The bad


Being so minimal, Express doesn’t provide infrastructure to scale to medium- or large-scale projects. As your project grows, the amount of code being written beyond the framework may become bloated and difficult to maintain. Your team will end up re-inventing the wheel multiple times to overcome Express’s growing pains. And relying on so many third-party middleware packages for additional functionality can cause your application to be brittle and sensitive to incompatibilities.

When to use it


Express is a good choice for small to medium projects when you need to find developers who have experience with the framework. If your company or team is new to node, Express experience won’t be hard to find. If you expect your project to be maintained by a large team, or need real-time communication, Express isn’t the best choice.

Learn how to build RESTful Web services with Express.

hapi


hapi was created in 2011 by Eran Hammer from his work at Walmart Labs. It was originally written on top of Express, but quickly removed any dependency before version 1.0. hapi’s philosophy can be boiled down to “configuration over code,” which allows more focus on building application logic than it does on infrastructure. It provides an opinionated and rich foundation to build applications and includes a configuration pattern that reduces the possibility of errors.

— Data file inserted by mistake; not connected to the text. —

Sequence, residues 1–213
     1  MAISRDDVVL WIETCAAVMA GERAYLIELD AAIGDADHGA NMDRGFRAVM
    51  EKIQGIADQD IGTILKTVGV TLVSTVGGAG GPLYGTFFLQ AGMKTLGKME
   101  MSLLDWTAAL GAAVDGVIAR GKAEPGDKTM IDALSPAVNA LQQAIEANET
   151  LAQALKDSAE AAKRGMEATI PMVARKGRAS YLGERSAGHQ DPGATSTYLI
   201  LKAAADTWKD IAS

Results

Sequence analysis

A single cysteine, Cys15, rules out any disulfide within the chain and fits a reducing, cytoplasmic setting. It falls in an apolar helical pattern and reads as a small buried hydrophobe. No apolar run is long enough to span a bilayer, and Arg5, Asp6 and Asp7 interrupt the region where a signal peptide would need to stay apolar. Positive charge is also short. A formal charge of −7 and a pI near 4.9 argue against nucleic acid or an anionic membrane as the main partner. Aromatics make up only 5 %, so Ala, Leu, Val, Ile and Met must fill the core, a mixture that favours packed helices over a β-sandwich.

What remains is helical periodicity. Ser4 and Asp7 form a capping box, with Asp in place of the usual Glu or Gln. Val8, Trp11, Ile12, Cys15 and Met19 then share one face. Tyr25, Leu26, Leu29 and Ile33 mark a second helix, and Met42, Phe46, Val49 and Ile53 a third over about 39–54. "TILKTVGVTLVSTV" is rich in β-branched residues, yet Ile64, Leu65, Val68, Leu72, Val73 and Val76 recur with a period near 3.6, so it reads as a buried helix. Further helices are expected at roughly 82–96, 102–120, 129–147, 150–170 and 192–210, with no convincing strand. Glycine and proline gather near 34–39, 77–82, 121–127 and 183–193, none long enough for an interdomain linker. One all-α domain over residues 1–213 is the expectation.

The good


hapi was developed by an experienced team that ran the framework in a production environment. Common use cases and needs are baked into the framework, which means less work for developers to get a stable, secure and working application deployed. The structure of hapi applications make it easy to work in a team, and the approach to adding business logic means your application will be maintainable as it grows.